I thought it would be fun to search around for some sources to share some German Christmas traditions. My family background is mainly Latvian, pretty much everyone in my family (except my brothers and I), were all born in Latvia. My father and his family were from Latvia and then there is my mother who actually was born in Germany to Latvian parents. So while I, myself, am not German per say, there are some European traditions that are similar in nature from country to country.
For fun, here’s an Advent and Christmas Quiz from the website, “The German Way & More“. My score? I received 7 out of 10 correct! Look at the brain on me!
From Advent, to the German glass pickle ornament myth, to yuletide, here’s an A-to-Z Guide to Christmas traditions. This “guide” offers some insight into the many different Christmas customs from Austria, Germany and Switzerland.
If you were wondering what the differences are between Christmas in the United States and Germany is, try here to find a comparison chart with links to more information. One custom I can relate to is that my family always open presents on Christmas Eve. In the United States, the customary thing to do is to wait for Christmas Day to open gifts. I always thought I was really cool and special to be able to open gifts before all my friends. Growing up we never really left any cookies and milk out for Santa, maybe we had some stocking stuffers to open the next day on Christmas Day, but everything else was done on the Eve. Church, dinner and then gifts! While at the link provided above, you’ll find some good seasonal etiquette if you are traveling to Germany during the Christmas season.
I hope you find some interesting information while browsing through those links I provided. What are some of your holiday traditions? Share them with us in the comments!
As I wrap up this quick post for today, the elves are working up some holiday fun at Gourmet International for our holiday party! Stay tuned, we hope to share some photos and cheer from festivities that are to take place on Friday afternoon!
It’s a common holiday item that can be seen on store shelves or fresh out of the oven in kitchens. Have you ever wondered what is the cinnamon star, also known as zimtsterne in German, all about? And did you know at one point cinnamon stars were considered illegal in Germany? And speaking of “points”, the traditional cinnamon star has 6 points! Let’s dig into the history of the cinnamon star!
The cinnamon star arrives during the Christmas holiday season and is offered during the Advent season. Made with almonds and cinnamon, these little stars are full of flavor. Back in the 1600s, cinnamon in Europe was expensive and a rare spice and almonds had to be imported. Food items such as these were usually considered reserved for royalty. Since cinnamon and almonds were expensive and scarce, this helps offer a reason as to why these two staples were only enjoyed one time a year at special occasions like Christmas. Traditionally these zimtsternes are baked before Advent, stored and shared during the holiday season. (Source: The Spruce)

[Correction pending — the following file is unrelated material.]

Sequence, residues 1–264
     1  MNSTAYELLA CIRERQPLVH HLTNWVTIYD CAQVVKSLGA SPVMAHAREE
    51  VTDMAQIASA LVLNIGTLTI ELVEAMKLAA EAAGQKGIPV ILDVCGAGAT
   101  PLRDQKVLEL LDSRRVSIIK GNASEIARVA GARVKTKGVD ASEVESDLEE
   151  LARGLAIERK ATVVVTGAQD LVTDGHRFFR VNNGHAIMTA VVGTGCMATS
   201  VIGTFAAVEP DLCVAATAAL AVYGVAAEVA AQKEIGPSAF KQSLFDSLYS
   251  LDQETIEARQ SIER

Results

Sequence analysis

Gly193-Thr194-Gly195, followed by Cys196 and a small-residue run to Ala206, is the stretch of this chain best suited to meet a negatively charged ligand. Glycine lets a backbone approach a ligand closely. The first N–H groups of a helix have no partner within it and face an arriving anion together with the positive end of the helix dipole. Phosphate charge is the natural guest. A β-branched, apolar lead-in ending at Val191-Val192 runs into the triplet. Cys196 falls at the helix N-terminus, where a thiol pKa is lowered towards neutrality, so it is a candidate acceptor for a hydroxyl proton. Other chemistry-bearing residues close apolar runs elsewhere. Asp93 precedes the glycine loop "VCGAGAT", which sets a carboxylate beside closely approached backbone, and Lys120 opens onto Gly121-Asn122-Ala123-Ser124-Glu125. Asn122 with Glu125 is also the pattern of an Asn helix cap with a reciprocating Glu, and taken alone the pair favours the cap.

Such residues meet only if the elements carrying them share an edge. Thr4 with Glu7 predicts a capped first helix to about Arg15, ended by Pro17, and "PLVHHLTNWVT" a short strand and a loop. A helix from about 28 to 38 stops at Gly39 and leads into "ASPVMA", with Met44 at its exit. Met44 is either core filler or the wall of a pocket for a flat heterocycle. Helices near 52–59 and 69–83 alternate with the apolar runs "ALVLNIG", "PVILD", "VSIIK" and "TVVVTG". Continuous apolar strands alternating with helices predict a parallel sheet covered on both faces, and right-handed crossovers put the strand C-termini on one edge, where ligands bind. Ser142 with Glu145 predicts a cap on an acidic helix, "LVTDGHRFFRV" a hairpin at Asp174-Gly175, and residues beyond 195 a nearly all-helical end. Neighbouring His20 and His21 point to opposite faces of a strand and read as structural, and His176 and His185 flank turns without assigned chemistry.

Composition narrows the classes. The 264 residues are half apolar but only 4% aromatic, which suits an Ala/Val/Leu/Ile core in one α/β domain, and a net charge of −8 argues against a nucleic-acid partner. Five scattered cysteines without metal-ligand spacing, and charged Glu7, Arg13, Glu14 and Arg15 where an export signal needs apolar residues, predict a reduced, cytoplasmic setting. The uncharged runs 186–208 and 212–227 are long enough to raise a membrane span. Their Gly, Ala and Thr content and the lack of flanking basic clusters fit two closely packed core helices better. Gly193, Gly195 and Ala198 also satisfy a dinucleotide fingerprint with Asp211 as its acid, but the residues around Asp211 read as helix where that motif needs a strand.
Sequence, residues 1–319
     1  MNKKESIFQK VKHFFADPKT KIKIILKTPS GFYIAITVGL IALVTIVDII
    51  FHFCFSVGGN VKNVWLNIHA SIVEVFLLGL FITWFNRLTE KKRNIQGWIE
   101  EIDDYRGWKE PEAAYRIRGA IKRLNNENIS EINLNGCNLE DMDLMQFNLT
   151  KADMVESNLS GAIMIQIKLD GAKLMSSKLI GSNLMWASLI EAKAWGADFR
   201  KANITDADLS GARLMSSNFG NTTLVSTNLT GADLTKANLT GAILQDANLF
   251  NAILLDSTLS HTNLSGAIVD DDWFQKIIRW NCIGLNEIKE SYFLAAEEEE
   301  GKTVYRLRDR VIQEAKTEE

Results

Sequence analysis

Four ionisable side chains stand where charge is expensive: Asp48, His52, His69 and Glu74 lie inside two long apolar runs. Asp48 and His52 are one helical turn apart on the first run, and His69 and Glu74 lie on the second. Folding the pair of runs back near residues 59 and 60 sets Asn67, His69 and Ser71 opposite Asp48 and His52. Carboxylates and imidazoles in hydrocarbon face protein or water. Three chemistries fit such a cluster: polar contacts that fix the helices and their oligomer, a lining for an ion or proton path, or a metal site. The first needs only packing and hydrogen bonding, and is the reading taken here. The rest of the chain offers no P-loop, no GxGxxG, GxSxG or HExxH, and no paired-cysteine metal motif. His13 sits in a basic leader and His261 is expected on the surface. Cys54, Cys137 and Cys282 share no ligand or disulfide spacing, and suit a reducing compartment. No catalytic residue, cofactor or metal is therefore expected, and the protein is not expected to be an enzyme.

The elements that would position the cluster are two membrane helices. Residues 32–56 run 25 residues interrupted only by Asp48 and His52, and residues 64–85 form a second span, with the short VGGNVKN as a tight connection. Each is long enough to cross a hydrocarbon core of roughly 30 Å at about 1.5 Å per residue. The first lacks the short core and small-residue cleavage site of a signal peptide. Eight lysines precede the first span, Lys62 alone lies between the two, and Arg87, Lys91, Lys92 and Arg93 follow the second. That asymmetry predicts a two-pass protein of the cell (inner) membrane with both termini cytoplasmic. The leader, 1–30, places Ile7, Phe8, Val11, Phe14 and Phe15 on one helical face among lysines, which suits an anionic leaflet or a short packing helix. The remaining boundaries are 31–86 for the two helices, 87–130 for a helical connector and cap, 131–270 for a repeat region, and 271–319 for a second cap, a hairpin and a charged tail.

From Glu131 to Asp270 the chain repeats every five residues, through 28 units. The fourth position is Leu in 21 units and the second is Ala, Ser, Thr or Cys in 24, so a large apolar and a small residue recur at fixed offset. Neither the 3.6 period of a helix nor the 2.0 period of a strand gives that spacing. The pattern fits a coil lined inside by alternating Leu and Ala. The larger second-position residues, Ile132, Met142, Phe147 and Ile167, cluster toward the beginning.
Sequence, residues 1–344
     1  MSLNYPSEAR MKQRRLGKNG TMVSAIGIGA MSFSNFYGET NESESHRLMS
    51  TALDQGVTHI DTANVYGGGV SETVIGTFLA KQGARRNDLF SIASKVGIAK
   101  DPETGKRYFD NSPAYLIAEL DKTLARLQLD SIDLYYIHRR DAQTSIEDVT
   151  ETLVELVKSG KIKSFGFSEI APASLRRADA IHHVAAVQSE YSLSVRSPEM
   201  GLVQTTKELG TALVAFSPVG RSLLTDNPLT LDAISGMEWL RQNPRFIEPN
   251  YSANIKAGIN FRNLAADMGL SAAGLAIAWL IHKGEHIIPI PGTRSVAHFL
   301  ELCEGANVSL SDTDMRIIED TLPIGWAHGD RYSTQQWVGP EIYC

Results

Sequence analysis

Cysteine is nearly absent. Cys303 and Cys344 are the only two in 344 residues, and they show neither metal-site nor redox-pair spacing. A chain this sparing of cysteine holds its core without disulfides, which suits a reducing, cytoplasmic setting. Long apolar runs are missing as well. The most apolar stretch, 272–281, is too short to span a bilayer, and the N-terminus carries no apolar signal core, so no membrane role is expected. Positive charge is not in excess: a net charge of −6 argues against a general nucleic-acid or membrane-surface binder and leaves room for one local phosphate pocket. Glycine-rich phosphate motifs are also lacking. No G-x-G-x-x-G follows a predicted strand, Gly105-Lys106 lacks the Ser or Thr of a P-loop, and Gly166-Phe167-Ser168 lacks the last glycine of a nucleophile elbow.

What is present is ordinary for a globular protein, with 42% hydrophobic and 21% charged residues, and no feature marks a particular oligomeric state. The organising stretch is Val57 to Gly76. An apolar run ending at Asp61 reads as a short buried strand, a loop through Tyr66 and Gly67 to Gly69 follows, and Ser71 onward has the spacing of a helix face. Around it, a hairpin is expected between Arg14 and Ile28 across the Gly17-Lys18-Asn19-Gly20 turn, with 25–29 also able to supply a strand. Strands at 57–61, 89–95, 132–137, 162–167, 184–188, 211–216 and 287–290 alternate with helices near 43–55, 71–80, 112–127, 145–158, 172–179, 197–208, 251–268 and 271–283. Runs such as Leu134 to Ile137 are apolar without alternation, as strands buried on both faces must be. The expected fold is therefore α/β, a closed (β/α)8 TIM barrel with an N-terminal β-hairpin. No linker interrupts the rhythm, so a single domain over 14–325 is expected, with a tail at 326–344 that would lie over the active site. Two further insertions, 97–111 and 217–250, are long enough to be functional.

And so what is this about cinnamon stars being illegal in Germany? I stumbled upon this NPR archive when searching for the history of cinnamon stars. Well, back in 2006, a scientist in a government food safety lab smelled something strange. The scent was bitter and strong and it turned out to be coumarin.
Medical Definition of coumarin: a toxic white crystalline lactone C9H6O2 with an odor of new-mown hay found in plants or made synthetically and used especially in perfumery and as the parent compound in various anticoagulant agents (as warfarin); also : a derivative of this compound (Source: Merriam-Webster Dictionary Online)
Coumarin found in cinnamon can have a toxic effect on the human liver. The scientist at the government food safety lab found coumarin levels up to 40 times higher than what is traditionally allowed. By the time it was discovered how much coumarin was in the Christmas cookie, many of them were already packaged and placed upon store shelves waiting to be purchased. Officials hemmed and hawed on what to do about the situation and in the end decided to alert consumers not to eat too many or too much of any food with cinnamon in it. You can bet that political lobbyists have had their way and sway within the German government. Coumarin levels in German food was supposed to drop to legal levels after that particular holiday season. Rest assured, cinnamon stars are no longer illegal in Germany, but what an interesting turn of events that happened just over 10 years ago! (Source: National Public Radio)
Take it from me, and my little elves, we all agree that the cinnamon stars are delicious and we promise not to eat too many at one time! As most traditional treats I’ve been posting about this holiday season, these cinnamon stars are delish with coffee or tea! These specific cinnamon stars are made by Wicklein.